The draft National Defense Authorization Act (NDAA) for fiscal year 2020, currently in conference, includes three Arctic-specific provisions that show a continuing increase in congressional attention to the Arctic over the past five years.
Latest in National Defense Authorization Act (NDAA)
The world is facing a new era of technological ubiquity. With 19.4 billion connections globally between internet-enabled devices—1.6 billion of which were added in the last year alone—cyberspace is expanding into every area of life and transforming society at an accelerated pace. And the United States is the most connected nation in the world—which brings opportunities but also increased vulnerabilities. Unfortunately, U.S. politics, laws and national security policy have not kept up with both the risks and the opportunities stemming from the dynamism of technological change.
Committees in the House of Representatives Have Released Drafts of the F2020 NDAA and Defense Authorization Bill
On June 11, the House Armed Services Committee released its draft of the National Defense Authorization Act (NDAA) for the 2020 fiscal year (H.R. 2500). The committee’s summary states that the proposed bill focuses on addressing threats to the United States by authorizing a defense system that is “inclusive, accountable, and responsible in the management of its resources.” The proposal authorizes defense spending up to $733 billion dollars.
As the competition for 5G continues, one of the largest players, Chinese company Huawei Technologies, is facing concerns from numerous countries that using Huawei equipment exposes their national networks to spying or worse by the Chinese government.
President Donald Trump signed the John S. McCain National Defense Authorization Act (NDAA) for fiscal year 2019 into law on Monday afternoon, at an event at Fort Drum military base in upstate New York.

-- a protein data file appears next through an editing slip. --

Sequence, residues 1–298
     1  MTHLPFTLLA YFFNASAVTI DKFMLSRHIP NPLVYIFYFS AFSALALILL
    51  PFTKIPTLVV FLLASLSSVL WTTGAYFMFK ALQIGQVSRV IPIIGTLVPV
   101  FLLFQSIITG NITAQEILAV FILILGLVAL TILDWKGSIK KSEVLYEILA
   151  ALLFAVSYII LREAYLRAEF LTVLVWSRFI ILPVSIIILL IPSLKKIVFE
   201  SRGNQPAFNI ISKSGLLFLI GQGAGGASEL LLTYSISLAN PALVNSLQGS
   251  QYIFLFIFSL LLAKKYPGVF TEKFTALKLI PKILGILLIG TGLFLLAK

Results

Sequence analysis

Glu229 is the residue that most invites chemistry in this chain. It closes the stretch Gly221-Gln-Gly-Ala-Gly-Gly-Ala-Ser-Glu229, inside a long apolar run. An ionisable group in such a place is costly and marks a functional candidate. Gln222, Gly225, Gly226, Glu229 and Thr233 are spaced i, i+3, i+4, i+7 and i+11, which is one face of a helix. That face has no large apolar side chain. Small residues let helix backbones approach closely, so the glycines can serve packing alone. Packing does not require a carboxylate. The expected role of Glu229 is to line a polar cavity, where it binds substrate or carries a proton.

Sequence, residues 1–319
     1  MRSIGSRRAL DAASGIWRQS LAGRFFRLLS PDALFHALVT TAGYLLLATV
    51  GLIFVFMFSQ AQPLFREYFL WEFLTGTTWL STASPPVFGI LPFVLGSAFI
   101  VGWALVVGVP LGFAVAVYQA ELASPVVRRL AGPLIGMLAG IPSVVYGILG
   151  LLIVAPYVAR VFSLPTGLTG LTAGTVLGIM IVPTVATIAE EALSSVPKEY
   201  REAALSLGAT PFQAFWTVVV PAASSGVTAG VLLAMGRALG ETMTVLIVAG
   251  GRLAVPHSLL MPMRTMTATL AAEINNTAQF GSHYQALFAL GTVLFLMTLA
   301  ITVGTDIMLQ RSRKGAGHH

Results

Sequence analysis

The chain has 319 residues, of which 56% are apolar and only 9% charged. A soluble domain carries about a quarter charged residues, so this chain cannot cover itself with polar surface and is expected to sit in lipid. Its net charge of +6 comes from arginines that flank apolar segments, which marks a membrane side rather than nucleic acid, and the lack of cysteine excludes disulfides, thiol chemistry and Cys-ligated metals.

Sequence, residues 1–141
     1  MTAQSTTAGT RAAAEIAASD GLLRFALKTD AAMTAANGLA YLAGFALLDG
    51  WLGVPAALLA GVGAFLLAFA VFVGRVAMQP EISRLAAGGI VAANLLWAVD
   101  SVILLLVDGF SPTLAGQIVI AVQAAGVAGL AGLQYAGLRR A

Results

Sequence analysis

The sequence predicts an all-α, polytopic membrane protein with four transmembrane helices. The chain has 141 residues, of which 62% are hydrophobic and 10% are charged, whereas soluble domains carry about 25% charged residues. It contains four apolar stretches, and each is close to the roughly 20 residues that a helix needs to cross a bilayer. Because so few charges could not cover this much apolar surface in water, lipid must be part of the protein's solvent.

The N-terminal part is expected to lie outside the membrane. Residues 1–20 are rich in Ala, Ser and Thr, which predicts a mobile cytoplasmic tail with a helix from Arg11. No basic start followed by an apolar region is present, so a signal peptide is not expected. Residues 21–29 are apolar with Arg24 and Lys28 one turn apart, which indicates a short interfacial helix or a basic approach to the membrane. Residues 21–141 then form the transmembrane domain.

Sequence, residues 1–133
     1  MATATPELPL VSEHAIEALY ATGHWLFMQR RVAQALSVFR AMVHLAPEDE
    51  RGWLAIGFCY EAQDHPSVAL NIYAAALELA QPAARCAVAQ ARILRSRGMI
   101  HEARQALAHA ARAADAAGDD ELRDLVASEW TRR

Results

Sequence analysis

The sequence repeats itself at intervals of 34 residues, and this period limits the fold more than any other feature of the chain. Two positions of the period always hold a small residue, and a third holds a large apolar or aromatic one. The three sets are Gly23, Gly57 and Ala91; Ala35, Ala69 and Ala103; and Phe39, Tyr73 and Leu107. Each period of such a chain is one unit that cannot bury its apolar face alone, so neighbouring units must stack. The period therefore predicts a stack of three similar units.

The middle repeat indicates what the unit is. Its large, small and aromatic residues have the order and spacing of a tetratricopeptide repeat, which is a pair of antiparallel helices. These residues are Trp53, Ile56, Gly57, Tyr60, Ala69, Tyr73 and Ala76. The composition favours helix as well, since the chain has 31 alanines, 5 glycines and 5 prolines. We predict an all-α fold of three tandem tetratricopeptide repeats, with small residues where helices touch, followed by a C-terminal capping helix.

After several months of back-and-forth, the Senate and House of Representatives agreed on a consensus version of the Foreign Investment Risk Review Modernization Act (FIRRMA) on July 23. FIRRMA reforms the Committee on Foreign Investment in the United States (CFIUS) process currently used to evaluate and address national security-related concerns related to foreign investment into the United States.
The joint House and Senate conference committee for the National Defense Authorization Act for Fiscal 2019 has agreed upon and released a reconciled version of the bill. Both the reconciled statutory text and accompanying joint explanatory statement are posted below:
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"The first thing we do, let's kill all the lawyers." —Dick the Butcher, Henry IV, Part 2.
President Barack Obama has followed up on his promise to veto the 2016 National Defense Authorization Act, an annual defense policy bill. Defense One reports that the veto is only the president's fifth and coincidentally, is only the fifth time the NDAA has been vetoed since it was first introduced 53 years ago.